Acid-binding capacity, ingredients, diets, nursery pig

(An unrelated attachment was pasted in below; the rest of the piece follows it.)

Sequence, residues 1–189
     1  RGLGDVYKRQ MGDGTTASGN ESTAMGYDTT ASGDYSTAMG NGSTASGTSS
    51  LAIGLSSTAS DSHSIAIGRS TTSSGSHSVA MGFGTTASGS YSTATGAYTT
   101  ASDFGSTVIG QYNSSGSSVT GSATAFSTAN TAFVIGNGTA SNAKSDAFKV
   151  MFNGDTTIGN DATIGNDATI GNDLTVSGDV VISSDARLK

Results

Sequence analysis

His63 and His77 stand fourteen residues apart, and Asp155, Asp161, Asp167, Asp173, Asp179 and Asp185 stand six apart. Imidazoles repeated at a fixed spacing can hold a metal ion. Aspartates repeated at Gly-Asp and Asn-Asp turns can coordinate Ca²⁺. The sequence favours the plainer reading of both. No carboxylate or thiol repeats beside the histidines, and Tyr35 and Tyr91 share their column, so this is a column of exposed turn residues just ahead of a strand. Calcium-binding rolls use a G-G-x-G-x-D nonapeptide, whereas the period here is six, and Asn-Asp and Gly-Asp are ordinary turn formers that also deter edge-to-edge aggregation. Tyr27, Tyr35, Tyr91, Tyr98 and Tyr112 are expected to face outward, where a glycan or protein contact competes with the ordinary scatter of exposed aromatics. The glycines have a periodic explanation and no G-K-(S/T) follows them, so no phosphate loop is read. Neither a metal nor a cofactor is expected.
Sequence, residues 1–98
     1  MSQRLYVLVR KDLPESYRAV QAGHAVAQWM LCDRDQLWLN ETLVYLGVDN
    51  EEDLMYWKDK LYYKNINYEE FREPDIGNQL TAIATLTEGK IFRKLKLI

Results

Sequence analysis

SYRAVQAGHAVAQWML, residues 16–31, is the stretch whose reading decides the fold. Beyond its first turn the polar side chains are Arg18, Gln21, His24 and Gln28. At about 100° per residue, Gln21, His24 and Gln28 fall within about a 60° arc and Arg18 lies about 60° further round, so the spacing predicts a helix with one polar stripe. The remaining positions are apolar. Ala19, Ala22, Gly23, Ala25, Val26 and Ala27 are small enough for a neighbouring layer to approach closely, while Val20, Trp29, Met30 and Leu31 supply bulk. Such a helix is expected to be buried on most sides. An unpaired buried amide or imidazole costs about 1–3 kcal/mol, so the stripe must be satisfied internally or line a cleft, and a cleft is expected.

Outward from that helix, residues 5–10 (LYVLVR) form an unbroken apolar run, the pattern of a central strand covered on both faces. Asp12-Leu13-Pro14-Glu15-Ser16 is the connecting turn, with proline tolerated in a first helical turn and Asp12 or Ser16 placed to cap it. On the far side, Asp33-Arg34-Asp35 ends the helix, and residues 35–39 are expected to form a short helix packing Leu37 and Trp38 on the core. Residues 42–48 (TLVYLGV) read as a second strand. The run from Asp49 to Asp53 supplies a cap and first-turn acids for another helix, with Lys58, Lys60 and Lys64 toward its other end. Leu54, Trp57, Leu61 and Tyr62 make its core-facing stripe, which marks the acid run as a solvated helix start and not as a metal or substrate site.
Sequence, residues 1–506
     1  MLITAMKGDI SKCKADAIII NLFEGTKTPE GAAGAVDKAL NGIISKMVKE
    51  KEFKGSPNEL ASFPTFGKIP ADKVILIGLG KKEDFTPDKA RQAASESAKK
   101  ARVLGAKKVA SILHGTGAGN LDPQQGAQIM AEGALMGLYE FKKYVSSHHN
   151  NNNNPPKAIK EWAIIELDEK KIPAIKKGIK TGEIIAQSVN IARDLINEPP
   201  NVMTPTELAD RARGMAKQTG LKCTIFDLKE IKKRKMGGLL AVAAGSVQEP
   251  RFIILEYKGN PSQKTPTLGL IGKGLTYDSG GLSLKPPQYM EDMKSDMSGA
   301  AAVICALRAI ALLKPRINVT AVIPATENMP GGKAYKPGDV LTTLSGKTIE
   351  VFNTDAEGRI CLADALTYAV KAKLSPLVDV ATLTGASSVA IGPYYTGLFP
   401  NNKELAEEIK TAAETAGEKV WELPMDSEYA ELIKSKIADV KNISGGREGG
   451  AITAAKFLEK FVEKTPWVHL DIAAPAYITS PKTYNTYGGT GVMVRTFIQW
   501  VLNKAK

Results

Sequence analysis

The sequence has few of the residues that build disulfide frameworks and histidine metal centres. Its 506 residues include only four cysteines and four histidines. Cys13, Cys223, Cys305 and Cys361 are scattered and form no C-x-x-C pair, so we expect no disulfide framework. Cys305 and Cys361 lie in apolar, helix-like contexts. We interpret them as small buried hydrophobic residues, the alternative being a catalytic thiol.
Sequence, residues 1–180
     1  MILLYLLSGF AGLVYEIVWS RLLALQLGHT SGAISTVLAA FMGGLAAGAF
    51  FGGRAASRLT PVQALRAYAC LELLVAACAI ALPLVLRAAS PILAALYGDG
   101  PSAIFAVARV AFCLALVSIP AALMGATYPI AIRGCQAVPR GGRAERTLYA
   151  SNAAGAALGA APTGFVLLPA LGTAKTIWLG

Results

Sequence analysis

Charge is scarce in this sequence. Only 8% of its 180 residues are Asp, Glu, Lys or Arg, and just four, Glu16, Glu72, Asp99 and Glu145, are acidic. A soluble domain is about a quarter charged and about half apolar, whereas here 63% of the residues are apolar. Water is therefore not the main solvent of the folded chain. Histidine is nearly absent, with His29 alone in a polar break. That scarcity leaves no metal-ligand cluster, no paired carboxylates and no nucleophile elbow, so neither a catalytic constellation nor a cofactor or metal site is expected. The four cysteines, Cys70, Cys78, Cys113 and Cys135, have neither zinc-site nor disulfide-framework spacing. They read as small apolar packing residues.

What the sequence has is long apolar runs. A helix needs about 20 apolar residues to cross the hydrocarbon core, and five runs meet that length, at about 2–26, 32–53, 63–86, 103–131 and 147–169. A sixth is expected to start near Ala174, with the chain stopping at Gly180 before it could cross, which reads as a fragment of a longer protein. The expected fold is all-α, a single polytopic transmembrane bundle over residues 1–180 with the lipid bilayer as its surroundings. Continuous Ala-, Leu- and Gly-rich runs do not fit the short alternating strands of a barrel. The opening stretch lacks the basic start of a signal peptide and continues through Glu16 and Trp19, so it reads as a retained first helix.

Some ingredients bind more acid in the stomach than others which can increase gastric pH in weaned pigs, causing decreased protein digestion and allowing pathogenic microorganisms to proliferate. The objective of this experiment was to measure acid-binding capacity at a pH of 4 (ABC-4) of common nursery ingredients and determine additivity in diets. Ingredient categories included: cereal grains, vegetable proteins, animal proteins and milk, vitamin premixes and minerals, amino acids, and fiber sources. A 0.5 g sample of each ingredient was suspended in 50 mL of distilled deionized water and titrated with 0.1 N hydrochloric acid. Sample ABC-4 was calculated as the amount of acid in milliequivalents (meq) required to lower 1 kg of a sample to a pH of 4. Cereal grains were found to have lower ABC-4 compared to other ingredients. Vegetable proteins had higher ABC-4 with more variation than cereal grains. Soy protein concentrate and enzymatically treated soybean meal (ESBM) had higher ABC-4 compared to SBM while fermented soybean meal (FSBM) was lower. Zinc oxide (ZnO) and calcium carbonate (CaCO3) had the highest ABC-4 among all ingredients. Following ingredient analysis, a series of complete diets were analyzed to determine ingredient additivity by comparing the differences between calculated and analyzed ABC-4. Perfect ABC-4 additivity was not found, with all diets having lower analyzed ABC-4 than calculated values; however, the analyzed ABC-4 followed dietary calculated values for higher or lower ABC-4 diet values. These data suggest that ABC-4 diet can be adjusted through selection of ingredients, but feeding trials are needed to determine the impact on pig performance.


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